© 2022 KPCW

Spencer F. Eccles Broadcast Center
PO Box 1372 | 460 Swede Alley
Park City | UT | 84060
Office: (435) 649-9004 | Studio: (435) 655-8255

Music & Artist Inquiries: music@kpcw.org
News Tips & Press Releases: news@kpcw.org
Volunteer Opportunities
General Inquiries: info@kpcw.org
Listen Like a Local Park City & Heber City Summit & Wasatch counties, Utah
Play Live Radio
Next Up:
Available On Air Stations

Northern Ireland's Government Teeters On Collapse After Resignations

Peter Robinson (center) resigned as Northern Ireland's first minister, along with several other ministers from his party.
Peter Robinson (center) resigned as Northern Ireland's first minister, along with several other ministers from his party.

The power-sharing deal that has allowed Catholic nationalists and Protestant unionists to run Northern Ireland since 1998 is in jeopardy, after leading ministers resigned in a political crisis that has deepened amid allegations that members of the Irish Republican Army may be linked to a murder.

First Minister Peter Robinson, the leader of the Democratic Unionist Party, resigned along with three other ministers from the party, leaving a sole DUP politician — Finance Minister Arlene Foster — in place. In a protective measure, Robinson named Foster the acting first minister.

From London, NPR's Ari Shapiro reports:

"This crisis has been brewing for a long time. Northern Ireland is governed by a fragile coalition that has been deadlocked over budget issues.

"But things took a sharp turn for the worse last month, when police said current members of the Irish Republican Army may have been involved in the murder of a Belfast man. A senior member of the political party Sinn Fein was arrested.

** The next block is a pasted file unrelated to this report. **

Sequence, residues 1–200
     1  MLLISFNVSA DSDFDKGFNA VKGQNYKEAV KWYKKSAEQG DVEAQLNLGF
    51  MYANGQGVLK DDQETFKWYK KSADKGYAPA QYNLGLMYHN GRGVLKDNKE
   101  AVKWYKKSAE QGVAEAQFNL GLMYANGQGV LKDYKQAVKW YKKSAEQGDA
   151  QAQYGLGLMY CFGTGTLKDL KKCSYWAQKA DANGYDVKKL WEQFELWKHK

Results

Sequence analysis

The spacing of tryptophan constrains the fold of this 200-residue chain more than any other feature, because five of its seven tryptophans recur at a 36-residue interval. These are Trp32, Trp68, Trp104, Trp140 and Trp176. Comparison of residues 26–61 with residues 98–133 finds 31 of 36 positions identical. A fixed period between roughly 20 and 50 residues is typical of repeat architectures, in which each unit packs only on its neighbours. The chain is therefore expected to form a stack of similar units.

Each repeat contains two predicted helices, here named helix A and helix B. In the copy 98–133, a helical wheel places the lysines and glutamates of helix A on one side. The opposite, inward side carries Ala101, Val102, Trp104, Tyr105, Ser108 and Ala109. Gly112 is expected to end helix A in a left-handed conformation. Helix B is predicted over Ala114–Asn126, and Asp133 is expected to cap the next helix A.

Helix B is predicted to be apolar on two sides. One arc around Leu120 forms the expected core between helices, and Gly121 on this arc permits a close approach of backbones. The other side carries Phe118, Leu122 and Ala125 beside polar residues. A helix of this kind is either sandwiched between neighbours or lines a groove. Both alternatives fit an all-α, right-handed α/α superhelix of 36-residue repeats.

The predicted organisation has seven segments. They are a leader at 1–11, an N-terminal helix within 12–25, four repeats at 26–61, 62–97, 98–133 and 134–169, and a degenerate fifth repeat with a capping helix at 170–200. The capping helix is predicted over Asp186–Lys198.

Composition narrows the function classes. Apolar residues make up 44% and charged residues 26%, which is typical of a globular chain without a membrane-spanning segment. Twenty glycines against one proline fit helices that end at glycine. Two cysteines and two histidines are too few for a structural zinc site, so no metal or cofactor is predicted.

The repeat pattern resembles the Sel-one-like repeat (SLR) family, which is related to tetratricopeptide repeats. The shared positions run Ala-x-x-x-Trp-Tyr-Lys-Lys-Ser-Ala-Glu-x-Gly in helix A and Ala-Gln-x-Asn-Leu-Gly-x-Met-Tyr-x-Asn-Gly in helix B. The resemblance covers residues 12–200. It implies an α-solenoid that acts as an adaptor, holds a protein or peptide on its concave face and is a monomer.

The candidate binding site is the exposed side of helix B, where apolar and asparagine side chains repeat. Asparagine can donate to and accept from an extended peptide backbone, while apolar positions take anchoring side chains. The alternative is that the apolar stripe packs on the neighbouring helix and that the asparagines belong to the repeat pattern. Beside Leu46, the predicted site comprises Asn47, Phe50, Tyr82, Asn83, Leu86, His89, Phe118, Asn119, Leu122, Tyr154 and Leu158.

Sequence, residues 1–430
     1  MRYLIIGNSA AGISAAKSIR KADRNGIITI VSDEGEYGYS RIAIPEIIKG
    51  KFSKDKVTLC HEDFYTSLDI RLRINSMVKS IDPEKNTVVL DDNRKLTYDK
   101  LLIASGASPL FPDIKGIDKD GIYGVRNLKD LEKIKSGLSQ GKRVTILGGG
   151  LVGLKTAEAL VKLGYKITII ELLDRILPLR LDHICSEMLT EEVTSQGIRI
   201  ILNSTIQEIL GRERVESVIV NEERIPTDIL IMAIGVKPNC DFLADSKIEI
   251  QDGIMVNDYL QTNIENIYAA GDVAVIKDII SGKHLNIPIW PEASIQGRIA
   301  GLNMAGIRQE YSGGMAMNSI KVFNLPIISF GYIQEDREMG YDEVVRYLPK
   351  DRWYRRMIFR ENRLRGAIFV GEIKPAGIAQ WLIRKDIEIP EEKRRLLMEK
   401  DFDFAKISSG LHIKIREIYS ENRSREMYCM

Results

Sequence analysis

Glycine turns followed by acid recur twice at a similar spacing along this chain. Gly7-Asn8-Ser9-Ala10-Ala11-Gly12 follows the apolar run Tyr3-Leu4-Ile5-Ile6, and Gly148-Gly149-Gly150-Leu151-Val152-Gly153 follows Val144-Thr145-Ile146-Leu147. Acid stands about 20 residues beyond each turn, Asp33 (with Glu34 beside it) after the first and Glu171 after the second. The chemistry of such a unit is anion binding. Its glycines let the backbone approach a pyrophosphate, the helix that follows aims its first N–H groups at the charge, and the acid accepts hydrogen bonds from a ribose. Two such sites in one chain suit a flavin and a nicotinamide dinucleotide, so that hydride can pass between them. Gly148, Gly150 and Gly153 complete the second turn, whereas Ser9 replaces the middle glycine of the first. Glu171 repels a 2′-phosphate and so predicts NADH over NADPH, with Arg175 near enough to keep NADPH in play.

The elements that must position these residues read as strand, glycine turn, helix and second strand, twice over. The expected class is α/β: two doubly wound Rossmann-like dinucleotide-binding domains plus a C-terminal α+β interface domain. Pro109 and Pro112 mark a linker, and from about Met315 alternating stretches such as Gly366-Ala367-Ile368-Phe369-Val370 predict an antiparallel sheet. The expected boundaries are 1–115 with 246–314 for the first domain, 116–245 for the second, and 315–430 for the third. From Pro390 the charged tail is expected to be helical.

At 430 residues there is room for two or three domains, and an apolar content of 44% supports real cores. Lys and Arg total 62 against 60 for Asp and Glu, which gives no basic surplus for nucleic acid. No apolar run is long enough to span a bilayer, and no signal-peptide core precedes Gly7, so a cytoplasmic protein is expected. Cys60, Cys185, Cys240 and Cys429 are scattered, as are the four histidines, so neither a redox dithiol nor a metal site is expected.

"And after unionists said that party should be excluded from leadership positions in the government, things quickly deteriorated from there.

"Now that so many top government officials have stepped down in Northern Ireland, nobody knows what will happen next."

Ireland's Taoiseach (or prime minister), Enda Kenny, said Friday in an interview with RTÉ Morning Ireland that if the executive and legislative branches collapse, it "could be a very long time" before things get back to "what you might call normal" operations.

Copyright 2021 NPR. To see more, visit https://www.npr.org.

Corrected: September 10, 2015 at 10:00 PM MDT
A previous version of this post mistakenly referred to Enda Kenny as the Taoiseach (or prime minister) of Northern Ireland. He is Ireland's prime minister.
Bill Chappell is a writer and editor on the News Desk in the heart of NPR's newsroom in Washington, D.C.